Maja Arte Contemporanea is delighted to host the personal exhibition of Angelo Azzellini (1961 – 1995) featuring a collection of precious and unusual works of art that were painted in the early 90’s by the Apulian artist who passed at the young age of 34.
Angelo Azzellini was born in Rodi Garganico (Italy) in 1961. He moved to Turin at the age of 14, where he studied at the Artistic College, and then moved to Urbino, where he attended the Academy of Fine Arts. He later spent some time of his short life in the US, Germany, UK and China, before settling in Milan and finally in Rome.
Azzellini considered painting to be a form of meditation, a way of being in a state of complete silence where the full awareness of what life offers at that very moment expands into a limitless state of love and innocence. With a solid foundation of study of drawing, he progressively plunged into a gestural abstraction that instills energy and vigour to his paintings with a reference to early Abstract Expressionism. In his paintings, mostly large format, the strength and intensity of his feelings are revealed through colour and pictorial texture, with the roughness and density typical of acrylics.
For the 25th anniversary of his passing, torredinebbiaedizioni released a dedicated book entitled “L’opera incompleta di Angelo Azzellini”; 225 full colour pages with an introduction by Ria Lussi and critical contributions by Lorenzo Canova, Piero Castoro, Umberto Palestini, Fulvio Abate, Mariano Apa, including more than 130 works and a large selection of both academic and biographic documentation. In the text “L’incendio della pittura” (The fire of Painting) Lorenzo Canova writes:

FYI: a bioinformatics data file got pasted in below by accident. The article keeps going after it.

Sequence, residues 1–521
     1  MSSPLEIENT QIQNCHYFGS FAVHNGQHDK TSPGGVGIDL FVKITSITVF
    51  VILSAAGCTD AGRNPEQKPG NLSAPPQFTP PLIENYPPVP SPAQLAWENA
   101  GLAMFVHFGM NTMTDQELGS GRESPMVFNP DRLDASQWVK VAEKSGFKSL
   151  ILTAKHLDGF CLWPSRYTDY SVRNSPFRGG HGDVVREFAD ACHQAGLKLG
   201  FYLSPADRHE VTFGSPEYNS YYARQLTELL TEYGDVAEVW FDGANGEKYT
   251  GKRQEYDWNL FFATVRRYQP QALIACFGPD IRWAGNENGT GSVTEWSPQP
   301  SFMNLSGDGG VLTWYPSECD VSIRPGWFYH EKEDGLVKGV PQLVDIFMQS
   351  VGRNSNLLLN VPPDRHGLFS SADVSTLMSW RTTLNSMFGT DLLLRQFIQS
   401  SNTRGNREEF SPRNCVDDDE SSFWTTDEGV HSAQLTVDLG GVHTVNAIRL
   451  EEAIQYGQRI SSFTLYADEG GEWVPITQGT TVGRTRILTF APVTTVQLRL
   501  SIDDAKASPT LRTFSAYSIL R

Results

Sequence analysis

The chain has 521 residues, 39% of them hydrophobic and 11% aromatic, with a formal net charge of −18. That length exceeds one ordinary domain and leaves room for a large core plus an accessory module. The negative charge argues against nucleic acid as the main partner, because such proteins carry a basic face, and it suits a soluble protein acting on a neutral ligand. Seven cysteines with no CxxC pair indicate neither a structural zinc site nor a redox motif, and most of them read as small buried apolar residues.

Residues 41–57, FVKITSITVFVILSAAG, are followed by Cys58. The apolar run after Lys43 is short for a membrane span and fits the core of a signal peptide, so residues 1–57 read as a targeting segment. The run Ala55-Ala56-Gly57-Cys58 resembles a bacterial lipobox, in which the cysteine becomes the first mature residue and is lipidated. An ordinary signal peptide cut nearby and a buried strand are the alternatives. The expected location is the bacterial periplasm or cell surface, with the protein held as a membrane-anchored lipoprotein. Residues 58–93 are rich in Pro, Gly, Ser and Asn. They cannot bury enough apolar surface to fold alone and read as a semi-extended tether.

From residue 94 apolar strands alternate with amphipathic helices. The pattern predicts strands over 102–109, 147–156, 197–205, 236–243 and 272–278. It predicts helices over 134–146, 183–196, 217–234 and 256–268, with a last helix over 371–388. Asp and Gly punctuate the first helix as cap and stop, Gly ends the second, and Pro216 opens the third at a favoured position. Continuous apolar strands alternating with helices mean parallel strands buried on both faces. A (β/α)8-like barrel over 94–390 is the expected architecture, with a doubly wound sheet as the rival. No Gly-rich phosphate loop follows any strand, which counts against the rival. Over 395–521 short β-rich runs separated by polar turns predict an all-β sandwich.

“With free and thick brush strokes that are quick yet intentional, the drips and outlines spread rapidly on the canvas, the black tones lightening until they explode into yellows and reds, complemented by pondered shadows and greys that melt into purples. The compositions pulse with chromatic nuances in a continuous balance between dark and splendid light.
The brush creates flashes of white lead, and the controlled vigour of Azzellini’s strokes balances aggression toward the canvas with rich colour arrangements, harmonizing the planes in gentle and liquid vibration.
Thus the artist is able to give space to pictorial matter, to its roughness and density through the acrylic technique that probably satisfies his need to combine the speed of drawing with his desire to spread colour in transparencies and layers.
Azzellini combines a talent for speed and lightness with a knack for exactness that is hidden behind the facade, in a syntax that renews the gesture of the informal, through a barbaric fusion of light and markings that echo with the vibrations of his unharmonious harmony.”